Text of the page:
-As government lawyers take Gbeneweleh to Supreme Court
Not being satisfied with the level of tutorial provided by Judge Peter Gbeneweleh of Criminal Court ‘C’ to government lawyers, the prosecution has filed a complaint before Justice Joseph Nagbe, Justice-in-Chamber of the Supreme Court, against Gbeneweleh.
Justice Nagbe heard the case on June 4, 2019, but has not emerged with a ruling.
Judge Gbeneweleh’s action was necessitated when he entertained prosecution’s argument that was intended to establish whether the bond posted to release the five present and past officials of the Central Bank of Liberia (CBL) was sufficient.
The bond for Milton A. weeks, former executive governor of the CBL, which was a properties valuation bond, was filed by Atty. Angelique G. Euphemia Weeks and Businessman Benoni Urey.
The bonds for the other four that include, Charles E. Sirleaf, deputy governor for operation, Dorbor M. Hagba, director finance department, Richard H. Walker, director for operations and Joseph Dennis, deputy director internal audit were filed by the Accident and Casualty Insurance Company of Liberia (ACICOL).
The five, including the Crane Currency, were charged with economic sabotage, criminal facilitation and criminal conspiracy in connection to the printing of the L$16Billion banknote. Crane was the printer of the Liberian dollar banknotes.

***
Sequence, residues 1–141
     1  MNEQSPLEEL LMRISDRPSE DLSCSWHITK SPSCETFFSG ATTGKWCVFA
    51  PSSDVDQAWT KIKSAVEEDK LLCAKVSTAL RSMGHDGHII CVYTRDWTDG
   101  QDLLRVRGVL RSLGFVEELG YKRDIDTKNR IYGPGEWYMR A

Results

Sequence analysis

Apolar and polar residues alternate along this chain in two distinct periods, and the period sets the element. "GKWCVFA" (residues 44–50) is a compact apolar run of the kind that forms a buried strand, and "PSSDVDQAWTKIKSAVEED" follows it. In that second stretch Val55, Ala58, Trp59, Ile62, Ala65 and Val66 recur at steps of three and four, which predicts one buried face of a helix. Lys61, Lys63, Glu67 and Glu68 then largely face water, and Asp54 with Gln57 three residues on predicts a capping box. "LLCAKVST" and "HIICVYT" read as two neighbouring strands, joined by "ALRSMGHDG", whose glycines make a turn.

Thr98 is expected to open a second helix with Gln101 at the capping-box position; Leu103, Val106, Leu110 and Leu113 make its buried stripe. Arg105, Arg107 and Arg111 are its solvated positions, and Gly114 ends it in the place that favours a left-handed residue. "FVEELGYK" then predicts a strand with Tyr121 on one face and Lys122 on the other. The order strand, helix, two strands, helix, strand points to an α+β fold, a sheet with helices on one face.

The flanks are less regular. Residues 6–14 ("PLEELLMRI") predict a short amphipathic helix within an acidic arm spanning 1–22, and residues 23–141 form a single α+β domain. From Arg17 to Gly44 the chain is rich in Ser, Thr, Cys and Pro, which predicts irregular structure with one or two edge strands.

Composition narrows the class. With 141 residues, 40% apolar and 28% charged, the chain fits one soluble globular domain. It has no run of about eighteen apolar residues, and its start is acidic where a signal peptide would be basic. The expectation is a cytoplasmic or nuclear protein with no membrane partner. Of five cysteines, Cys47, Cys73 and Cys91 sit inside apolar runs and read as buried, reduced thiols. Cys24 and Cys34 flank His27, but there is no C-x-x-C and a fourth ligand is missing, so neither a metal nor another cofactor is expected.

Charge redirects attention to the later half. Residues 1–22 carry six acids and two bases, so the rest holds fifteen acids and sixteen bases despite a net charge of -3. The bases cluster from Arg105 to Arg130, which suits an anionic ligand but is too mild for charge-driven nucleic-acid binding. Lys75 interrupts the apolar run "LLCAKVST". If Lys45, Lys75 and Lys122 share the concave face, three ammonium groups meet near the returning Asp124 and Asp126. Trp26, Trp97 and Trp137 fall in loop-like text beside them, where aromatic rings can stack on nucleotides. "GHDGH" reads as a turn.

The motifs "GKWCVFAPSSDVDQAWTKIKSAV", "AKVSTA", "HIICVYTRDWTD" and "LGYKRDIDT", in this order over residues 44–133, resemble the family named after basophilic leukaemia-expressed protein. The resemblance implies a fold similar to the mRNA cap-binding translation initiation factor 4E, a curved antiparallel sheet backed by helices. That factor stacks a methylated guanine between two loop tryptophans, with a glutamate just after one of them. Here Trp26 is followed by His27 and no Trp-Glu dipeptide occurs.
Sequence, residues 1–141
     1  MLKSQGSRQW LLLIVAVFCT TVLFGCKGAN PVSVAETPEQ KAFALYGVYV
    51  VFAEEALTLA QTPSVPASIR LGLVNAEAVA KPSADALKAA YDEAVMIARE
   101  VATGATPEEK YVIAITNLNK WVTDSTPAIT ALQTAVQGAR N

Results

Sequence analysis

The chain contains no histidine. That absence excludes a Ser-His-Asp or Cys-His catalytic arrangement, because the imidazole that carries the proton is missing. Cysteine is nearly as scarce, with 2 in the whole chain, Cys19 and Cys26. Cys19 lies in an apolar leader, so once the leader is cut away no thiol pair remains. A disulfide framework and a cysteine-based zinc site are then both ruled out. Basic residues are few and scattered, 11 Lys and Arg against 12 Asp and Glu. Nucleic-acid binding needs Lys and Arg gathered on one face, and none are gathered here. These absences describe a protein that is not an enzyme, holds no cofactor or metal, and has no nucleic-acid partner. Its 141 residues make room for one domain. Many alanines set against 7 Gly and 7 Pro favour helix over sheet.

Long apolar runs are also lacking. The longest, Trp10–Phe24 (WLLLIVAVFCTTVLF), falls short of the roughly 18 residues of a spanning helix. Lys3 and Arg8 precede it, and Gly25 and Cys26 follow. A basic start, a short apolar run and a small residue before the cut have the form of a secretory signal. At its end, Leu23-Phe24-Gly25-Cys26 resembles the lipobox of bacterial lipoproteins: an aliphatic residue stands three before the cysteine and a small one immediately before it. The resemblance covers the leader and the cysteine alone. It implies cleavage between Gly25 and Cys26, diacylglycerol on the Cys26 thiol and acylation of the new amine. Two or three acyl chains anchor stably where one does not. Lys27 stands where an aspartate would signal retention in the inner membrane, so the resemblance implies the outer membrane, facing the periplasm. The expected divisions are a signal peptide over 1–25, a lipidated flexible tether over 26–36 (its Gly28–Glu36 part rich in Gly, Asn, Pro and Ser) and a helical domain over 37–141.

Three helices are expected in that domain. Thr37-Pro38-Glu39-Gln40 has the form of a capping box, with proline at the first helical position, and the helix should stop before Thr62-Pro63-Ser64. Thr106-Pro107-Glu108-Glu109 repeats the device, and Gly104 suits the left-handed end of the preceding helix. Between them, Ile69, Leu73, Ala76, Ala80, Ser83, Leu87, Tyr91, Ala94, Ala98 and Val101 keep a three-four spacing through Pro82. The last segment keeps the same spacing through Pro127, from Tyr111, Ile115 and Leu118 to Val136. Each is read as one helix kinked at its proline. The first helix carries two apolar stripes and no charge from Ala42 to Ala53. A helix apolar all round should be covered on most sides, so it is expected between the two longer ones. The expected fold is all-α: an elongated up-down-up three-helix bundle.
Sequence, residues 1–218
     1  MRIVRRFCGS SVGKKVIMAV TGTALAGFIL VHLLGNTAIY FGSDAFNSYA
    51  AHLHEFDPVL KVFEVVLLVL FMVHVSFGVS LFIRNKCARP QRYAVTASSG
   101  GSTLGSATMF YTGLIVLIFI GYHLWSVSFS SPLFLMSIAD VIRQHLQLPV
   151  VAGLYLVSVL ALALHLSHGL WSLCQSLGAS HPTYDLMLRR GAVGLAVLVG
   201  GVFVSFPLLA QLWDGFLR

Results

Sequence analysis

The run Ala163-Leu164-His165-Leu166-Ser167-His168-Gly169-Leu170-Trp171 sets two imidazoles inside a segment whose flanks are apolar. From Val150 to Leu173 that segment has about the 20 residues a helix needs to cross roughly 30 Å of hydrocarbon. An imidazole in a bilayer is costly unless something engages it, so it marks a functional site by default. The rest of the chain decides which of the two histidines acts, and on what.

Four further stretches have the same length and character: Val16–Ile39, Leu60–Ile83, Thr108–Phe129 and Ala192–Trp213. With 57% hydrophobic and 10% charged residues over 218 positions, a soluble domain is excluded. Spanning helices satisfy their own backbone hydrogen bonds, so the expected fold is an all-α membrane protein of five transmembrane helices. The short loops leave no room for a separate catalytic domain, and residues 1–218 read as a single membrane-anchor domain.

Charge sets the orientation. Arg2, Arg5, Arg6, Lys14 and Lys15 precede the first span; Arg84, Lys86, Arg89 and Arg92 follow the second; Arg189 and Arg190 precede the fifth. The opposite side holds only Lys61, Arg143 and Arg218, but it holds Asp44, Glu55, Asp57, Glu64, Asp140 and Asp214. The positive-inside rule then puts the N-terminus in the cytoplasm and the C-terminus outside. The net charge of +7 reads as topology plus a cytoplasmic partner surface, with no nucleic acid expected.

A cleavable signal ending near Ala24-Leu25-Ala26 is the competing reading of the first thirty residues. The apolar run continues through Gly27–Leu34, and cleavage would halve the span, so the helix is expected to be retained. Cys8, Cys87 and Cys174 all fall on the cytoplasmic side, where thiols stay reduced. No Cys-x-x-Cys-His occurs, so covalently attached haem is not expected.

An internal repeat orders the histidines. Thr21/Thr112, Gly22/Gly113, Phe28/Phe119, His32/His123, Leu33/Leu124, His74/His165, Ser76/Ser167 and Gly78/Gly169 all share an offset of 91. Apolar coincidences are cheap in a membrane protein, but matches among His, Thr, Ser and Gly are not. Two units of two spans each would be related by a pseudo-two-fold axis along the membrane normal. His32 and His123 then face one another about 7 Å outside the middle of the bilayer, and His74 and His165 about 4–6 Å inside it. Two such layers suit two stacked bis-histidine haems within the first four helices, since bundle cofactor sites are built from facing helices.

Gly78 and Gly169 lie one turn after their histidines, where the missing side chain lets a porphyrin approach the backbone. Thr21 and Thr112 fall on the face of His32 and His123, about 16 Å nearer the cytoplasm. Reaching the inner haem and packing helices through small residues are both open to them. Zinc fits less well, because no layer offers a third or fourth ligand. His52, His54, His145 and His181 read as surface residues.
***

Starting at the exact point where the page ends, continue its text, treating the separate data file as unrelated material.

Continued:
The drama ensued when a government lawyer was said to have misinterpreted the Act that created the CBL, particularly concerning the procedure regarding the issuance of bond by the ACICOL.
The state lawyers were claiming that the CBL was the regulator of insurance companies’ bond process in criminal cases throughout the country.
In his correction, Judge Gbeneweleh was heard saying “CBL is not the regulator of insurance services and you have to understand the insurance language. If you missed a sentence you would lose the meaning,” he said.
Gbeneweleh also corrected the lawyers when he asked them to go back to law school to learn about the insurance language, stressing that, “CBL is not the regulator and so do not mislead the court; and if I were not thinking I would have held you in contempt of court.”
Gbeneweleh’s decision was in response to a question the government lawyers asked about the court’s invitation to the CBL to appear and testify about the ACICOL’s financial status with the bank.
It can be recalled that the five CBL officials, who faced charges of economic sabotage, criminal conspiracy and facilitation, were arrested on February 29, 2019, following the release of the Presidential Investigation Team (PIT) report into the alleged missing 16 billion Liberian banknotes printed by Crane Currency in Sweden.